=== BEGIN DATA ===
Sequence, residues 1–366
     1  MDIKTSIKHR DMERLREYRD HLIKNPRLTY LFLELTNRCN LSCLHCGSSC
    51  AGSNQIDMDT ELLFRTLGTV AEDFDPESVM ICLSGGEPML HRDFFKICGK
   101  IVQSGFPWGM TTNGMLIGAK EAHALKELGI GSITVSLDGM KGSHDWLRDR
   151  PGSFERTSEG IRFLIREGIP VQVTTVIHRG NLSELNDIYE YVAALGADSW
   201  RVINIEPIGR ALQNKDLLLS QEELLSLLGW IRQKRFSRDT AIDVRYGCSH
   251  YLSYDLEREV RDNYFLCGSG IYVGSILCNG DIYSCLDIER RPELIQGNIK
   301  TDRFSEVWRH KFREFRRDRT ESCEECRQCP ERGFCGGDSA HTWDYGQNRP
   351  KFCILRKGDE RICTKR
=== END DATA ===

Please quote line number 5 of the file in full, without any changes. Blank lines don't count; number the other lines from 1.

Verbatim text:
   151  PGSFERTSEG IRFLIREGIP VQVTTVIHRG NLSELNDIYE YVAALGADSW